Many surgeries that were once performed routinely can now be avoided thanks to the technology of endoscopy, which involves threading a camera deep into the body.
But the cameras are expensive and they must be cleaned extensively between uses. Now, researchers at the Fraunhofer Institute for Reliability and Microintegration in Berlin have invented a very cheap, very powerful camera that is also very small - so small, in fact, that it is no bigger than a grain of salt.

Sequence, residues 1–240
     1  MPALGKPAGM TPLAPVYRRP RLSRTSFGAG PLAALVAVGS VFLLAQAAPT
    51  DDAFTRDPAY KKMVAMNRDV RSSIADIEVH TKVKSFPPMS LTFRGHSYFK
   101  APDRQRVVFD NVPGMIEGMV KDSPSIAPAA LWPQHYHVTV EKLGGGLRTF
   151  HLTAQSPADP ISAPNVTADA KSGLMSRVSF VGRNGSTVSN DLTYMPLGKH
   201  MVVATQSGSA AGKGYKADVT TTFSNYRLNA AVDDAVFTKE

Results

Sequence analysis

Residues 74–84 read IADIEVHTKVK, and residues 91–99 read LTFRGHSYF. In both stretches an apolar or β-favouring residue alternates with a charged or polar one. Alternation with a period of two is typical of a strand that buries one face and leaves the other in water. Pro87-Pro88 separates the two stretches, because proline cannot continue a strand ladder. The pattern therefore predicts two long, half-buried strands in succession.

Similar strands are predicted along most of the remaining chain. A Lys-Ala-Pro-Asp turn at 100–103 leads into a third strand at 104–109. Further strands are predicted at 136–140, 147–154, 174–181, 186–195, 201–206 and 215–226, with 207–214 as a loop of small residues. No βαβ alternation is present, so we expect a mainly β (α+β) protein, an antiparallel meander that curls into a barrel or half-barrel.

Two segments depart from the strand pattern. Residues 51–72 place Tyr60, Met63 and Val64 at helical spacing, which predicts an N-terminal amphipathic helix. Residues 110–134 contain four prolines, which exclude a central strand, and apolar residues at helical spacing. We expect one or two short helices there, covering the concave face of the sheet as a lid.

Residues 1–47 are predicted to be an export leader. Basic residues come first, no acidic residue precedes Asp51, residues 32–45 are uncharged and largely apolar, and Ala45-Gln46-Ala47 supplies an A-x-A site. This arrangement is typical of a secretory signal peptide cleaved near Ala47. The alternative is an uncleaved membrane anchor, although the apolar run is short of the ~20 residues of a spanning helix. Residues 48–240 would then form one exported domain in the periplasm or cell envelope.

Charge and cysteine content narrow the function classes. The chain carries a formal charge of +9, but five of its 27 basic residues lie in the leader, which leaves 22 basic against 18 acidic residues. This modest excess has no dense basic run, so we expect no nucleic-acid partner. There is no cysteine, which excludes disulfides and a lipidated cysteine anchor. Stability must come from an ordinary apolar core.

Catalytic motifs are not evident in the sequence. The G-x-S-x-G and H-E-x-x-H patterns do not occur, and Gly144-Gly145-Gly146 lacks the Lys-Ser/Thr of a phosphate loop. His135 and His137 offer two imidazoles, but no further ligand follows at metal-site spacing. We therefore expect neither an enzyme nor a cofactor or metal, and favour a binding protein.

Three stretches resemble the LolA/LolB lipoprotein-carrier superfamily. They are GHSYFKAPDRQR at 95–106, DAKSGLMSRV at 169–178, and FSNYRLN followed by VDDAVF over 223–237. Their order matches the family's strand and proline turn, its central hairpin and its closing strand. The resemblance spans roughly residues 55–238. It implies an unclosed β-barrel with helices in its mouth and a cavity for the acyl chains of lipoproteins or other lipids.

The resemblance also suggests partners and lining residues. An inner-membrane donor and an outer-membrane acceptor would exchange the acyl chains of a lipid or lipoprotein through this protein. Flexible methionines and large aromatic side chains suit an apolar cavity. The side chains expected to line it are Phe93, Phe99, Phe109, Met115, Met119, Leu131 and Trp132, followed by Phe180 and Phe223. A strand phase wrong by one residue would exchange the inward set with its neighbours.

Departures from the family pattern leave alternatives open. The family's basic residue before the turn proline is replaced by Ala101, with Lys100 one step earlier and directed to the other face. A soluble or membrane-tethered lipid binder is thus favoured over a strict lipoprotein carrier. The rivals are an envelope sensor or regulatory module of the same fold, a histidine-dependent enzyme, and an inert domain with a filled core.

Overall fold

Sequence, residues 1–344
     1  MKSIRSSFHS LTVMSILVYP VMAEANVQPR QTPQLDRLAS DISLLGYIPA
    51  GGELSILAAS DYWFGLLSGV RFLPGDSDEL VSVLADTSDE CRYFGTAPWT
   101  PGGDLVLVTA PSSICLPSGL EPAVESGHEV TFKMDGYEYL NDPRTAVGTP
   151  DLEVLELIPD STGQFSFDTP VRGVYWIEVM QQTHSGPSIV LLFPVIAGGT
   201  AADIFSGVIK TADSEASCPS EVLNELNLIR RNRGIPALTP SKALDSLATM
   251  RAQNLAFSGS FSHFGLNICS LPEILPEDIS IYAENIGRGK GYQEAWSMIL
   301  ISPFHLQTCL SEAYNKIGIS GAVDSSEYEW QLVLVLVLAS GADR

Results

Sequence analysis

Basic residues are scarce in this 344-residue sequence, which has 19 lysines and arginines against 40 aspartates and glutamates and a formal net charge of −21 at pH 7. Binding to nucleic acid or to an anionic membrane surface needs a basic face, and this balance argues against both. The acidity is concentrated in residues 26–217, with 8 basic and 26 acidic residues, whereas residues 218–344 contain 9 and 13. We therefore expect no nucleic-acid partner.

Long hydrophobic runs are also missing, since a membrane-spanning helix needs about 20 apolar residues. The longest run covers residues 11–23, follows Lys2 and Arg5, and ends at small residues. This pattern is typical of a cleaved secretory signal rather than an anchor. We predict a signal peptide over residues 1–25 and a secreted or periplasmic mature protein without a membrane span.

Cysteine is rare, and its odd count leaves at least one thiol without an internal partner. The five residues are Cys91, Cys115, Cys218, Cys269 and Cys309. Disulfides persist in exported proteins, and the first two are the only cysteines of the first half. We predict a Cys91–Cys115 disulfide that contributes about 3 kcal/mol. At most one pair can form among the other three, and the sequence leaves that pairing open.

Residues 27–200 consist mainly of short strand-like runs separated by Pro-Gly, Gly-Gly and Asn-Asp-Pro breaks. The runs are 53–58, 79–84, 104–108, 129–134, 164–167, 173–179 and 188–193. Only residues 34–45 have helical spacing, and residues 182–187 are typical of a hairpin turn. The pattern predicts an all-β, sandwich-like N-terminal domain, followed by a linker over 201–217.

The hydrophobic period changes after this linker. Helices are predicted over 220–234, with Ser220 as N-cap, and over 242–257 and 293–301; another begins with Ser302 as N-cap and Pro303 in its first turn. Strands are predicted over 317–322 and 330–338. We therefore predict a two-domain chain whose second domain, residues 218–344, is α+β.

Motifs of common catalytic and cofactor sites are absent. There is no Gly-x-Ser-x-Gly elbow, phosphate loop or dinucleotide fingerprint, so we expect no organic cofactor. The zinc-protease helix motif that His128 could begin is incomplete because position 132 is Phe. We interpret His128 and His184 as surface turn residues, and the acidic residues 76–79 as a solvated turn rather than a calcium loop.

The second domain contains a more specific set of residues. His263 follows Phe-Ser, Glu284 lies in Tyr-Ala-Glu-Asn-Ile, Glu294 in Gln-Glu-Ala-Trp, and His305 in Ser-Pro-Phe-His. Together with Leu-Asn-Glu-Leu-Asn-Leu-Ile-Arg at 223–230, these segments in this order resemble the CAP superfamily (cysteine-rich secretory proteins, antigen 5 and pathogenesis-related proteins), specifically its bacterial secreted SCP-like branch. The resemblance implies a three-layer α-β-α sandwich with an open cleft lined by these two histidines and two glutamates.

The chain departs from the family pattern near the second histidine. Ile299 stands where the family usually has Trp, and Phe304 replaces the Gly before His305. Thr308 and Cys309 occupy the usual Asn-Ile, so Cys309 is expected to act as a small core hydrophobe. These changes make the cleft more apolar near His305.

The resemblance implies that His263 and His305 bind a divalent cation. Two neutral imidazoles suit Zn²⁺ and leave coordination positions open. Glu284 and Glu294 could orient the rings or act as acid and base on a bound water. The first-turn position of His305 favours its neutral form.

Martin Wilke, a scientist at the Fraunhofer Institute, says, - We can produce micro-cameras so inexpensively with our technology that doctors can dispose of endoscopes after using them only once.
The new micro-camera has a resolution of 62,500 pixels, meaning the images are extremely sharp. The disposable endoscope, at a cost of a few dollars, is expected to reach the market as soon as 2012.
The automobile industry is also interested in the new technology. The micro-camera could replace the side view mirrors on cars, which would reduce flow resistance and energy consumption.